Faculty Member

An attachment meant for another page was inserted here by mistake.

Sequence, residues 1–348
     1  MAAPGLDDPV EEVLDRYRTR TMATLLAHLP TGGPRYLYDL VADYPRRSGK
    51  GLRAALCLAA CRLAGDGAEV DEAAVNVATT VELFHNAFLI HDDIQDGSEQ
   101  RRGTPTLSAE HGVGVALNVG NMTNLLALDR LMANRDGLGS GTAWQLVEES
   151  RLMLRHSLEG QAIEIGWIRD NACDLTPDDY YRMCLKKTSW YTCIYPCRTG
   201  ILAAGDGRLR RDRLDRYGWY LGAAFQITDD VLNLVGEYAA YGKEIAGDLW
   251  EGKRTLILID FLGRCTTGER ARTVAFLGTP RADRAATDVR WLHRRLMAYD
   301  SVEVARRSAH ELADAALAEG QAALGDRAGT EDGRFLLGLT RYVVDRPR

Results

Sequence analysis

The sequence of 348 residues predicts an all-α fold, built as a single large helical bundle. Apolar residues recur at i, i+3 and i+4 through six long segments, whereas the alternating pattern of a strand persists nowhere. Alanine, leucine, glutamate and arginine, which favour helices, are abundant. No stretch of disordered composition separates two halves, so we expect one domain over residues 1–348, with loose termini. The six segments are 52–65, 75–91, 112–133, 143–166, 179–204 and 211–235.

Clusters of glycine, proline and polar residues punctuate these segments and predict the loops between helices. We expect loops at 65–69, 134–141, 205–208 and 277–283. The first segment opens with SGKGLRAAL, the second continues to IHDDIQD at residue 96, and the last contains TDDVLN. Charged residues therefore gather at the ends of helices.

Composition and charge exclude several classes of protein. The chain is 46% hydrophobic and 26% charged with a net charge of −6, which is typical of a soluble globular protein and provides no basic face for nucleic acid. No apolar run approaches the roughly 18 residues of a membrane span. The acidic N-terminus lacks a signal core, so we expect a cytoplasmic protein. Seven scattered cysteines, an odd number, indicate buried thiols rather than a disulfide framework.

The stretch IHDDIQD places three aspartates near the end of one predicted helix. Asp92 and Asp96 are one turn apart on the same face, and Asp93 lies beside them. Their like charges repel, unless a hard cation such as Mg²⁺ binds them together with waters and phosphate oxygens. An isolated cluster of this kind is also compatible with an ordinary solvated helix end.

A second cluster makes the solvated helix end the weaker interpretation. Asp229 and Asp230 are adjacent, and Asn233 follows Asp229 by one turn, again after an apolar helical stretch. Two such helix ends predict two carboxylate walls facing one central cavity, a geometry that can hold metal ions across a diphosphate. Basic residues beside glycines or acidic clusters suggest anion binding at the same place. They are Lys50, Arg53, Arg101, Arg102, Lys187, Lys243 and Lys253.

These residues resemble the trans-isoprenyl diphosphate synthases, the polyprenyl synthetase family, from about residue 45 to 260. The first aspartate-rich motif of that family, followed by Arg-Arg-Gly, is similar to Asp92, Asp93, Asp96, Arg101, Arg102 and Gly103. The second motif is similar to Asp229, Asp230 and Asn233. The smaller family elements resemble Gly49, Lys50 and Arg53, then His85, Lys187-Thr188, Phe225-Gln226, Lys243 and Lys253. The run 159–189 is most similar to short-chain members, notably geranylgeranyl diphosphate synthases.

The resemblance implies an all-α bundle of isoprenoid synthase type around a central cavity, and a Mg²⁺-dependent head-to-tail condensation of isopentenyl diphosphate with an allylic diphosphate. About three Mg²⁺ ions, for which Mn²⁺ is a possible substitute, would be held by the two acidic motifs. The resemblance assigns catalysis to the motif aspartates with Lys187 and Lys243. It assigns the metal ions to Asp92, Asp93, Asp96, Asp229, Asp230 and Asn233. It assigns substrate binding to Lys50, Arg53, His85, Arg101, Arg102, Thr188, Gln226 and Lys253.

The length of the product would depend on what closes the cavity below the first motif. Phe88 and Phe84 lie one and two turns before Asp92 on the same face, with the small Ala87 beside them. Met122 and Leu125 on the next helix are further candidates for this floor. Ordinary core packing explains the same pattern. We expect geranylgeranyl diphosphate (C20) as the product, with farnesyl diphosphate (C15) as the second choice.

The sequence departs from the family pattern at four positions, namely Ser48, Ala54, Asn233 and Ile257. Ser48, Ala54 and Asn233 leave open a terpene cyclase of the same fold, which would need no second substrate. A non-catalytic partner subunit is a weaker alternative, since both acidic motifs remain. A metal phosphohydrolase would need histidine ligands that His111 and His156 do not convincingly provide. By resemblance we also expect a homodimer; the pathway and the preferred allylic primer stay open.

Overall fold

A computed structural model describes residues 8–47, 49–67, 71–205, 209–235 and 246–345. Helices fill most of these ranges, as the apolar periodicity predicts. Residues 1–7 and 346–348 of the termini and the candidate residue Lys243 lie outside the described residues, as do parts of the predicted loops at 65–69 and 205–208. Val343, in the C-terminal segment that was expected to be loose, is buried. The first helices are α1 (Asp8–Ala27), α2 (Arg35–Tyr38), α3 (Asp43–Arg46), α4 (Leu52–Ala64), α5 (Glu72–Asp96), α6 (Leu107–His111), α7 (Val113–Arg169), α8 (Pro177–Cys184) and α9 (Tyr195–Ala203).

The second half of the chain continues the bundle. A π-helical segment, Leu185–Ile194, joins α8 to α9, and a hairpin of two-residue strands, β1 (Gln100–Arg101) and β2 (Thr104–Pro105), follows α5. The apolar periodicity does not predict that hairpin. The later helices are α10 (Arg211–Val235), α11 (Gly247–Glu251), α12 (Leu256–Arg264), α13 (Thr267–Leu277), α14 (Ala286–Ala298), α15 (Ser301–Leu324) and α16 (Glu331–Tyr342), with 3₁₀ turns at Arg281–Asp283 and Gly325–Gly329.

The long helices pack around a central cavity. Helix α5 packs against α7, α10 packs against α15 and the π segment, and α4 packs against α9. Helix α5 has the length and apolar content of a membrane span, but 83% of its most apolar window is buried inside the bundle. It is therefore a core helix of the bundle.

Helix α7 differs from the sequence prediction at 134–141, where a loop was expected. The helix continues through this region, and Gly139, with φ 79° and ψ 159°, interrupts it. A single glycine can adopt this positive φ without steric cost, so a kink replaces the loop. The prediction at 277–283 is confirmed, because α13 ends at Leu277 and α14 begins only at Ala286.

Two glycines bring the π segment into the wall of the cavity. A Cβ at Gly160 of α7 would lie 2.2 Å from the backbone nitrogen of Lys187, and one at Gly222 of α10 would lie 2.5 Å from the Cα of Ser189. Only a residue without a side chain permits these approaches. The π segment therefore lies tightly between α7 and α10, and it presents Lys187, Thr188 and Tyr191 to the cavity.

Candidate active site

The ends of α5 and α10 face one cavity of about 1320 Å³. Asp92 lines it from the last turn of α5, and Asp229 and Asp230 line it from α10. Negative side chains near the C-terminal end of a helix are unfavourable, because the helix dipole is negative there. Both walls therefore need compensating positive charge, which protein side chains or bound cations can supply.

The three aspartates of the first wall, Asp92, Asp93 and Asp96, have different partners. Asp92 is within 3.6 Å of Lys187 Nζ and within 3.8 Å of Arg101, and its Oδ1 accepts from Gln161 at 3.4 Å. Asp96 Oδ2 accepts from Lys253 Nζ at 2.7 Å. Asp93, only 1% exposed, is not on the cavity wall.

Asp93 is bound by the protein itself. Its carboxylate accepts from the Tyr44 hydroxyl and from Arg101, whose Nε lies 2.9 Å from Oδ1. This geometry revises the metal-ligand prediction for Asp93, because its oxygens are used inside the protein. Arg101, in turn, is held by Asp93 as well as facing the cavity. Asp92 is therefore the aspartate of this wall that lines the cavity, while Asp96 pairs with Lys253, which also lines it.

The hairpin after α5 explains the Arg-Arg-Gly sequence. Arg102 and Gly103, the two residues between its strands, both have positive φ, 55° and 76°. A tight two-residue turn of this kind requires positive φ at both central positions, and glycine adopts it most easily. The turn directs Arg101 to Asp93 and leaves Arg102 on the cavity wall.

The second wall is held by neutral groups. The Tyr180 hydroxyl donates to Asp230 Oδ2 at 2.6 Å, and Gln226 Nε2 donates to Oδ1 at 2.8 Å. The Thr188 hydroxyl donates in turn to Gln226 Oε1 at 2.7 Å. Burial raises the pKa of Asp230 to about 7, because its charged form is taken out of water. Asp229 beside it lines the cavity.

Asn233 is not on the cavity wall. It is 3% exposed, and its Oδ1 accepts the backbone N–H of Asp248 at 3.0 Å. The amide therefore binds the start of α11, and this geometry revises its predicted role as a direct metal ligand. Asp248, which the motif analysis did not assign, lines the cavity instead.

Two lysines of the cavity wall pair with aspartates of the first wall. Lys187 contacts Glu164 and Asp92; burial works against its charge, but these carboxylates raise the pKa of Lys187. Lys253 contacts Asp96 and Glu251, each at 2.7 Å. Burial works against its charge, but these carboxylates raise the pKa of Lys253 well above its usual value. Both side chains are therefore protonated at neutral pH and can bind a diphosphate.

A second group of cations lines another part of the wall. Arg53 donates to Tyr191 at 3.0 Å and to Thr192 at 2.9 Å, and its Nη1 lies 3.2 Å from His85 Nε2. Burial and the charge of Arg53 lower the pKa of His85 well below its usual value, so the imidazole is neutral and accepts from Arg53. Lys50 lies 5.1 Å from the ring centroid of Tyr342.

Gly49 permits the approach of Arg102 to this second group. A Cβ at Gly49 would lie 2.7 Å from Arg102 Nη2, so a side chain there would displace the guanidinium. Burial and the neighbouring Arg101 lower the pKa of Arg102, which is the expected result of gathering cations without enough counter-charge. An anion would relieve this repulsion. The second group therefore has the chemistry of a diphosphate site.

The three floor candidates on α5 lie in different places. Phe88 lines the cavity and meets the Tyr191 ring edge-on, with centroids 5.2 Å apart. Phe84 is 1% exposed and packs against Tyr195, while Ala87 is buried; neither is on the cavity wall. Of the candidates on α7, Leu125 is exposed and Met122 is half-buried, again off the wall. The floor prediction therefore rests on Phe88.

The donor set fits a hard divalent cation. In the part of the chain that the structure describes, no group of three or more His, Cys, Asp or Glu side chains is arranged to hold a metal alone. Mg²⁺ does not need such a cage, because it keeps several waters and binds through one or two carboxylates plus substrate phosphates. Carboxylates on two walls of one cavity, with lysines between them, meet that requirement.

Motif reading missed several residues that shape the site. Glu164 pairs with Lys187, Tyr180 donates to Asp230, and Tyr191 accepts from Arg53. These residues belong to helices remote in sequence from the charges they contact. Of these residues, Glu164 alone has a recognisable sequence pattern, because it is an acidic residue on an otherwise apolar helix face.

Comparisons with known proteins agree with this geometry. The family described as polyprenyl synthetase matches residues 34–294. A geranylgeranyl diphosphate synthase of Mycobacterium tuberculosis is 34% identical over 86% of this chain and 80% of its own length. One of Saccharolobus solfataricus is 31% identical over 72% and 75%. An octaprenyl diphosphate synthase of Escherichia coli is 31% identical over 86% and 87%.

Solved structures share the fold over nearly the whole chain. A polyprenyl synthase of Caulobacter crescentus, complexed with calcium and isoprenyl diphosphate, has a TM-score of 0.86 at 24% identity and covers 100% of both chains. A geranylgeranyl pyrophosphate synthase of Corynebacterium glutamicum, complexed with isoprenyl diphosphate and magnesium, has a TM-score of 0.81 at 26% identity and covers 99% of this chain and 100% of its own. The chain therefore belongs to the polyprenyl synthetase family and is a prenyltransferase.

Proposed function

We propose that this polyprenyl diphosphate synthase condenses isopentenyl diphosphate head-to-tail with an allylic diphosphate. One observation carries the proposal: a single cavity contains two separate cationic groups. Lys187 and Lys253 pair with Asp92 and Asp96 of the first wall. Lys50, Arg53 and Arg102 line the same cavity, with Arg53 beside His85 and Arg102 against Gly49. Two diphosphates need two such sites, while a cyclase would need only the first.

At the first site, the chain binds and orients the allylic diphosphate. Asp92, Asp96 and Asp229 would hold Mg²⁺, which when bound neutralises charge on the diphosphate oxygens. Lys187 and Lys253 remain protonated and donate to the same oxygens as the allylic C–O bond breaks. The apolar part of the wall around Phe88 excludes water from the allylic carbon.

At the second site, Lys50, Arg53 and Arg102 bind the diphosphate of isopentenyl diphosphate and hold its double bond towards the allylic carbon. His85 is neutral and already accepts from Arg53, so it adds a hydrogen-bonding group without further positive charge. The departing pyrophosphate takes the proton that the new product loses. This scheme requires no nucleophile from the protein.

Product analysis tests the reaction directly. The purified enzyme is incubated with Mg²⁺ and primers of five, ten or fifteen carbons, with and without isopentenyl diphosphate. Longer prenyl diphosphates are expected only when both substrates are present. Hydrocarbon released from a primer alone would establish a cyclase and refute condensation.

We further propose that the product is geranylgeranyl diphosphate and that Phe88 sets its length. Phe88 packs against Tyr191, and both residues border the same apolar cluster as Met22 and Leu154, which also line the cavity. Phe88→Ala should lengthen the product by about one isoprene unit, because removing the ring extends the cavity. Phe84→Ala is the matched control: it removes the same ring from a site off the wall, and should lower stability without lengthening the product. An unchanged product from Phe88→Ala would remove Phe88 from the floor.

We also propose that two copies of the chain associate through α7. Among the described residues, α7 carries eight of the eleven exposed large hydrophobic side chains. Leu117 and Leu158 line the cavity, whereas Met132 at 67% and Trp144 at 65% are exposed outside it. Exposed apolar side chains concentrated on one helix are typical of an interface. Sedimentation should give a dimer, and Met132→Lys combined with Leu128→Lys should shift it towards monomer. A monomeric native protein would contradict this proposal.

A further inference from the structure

Research into the comorbidity between emotional psychopathology and cigarette smoking has oftenfocused upon anxiety and depression’s manifest symptoms and syndromes, with limited theoretical andclinical advancement. This article presents a novel framework to understanding emotion–smokingcomorbidity. We propose that transdiagnostic emotional vulnerabilities—core biobehavioral traits re-flecting maladaptive responses to emotional states that underpin multiple types of emotional psychopa-thology—link various anxiety and depressive psychopathologies to smoking. This framework is appliedin a review and synthesis of the empirical literature on 3 transdiagnostic emotional vulnerabilitiesimplicated in smoking: (a) anhedonia (Anh; diminished pleasure/interest in response to rewards), (b)anxiety sensitivity (AS; fear of anxiety-related sensations), and (c) distress tolerance (DT; ability towithstand distressing states). We conclude that Anh, AS, and DT collectively (a) underpin multipleemotional psychopathologies, (b) amplify smoking’s anticipated and actual affect-enhancing propertiesand other mechanisms underlying smoking, (c) promote progression across the smoking trajectory (i.e.,initiation, escalation/progression, maintenance, cessation/relapse), and (d) are promising targets forsmoking intervention. After existing gaps are identified, an integrative model of transdiagnostic pro-cesses linking emotional psychopathology to smoking is proposed. The model’s key premise is that Anhamplifies smoking’s anticipated and actual pleasure-enhancing effects, AS amplifies smoking’s anxio-lytic effects, and poor DT amplifies smoking’s distress terminating effects. Collectively, these processesaugment the reinforcing properties of smoking for individuals with emotional psychopathology toheighten risk of smoking initiation, progression, maintenance, cessation avoidance, and relapse. Weconclude by drawing clinical and scientific implications from this framework that may generalize to othercomorbidities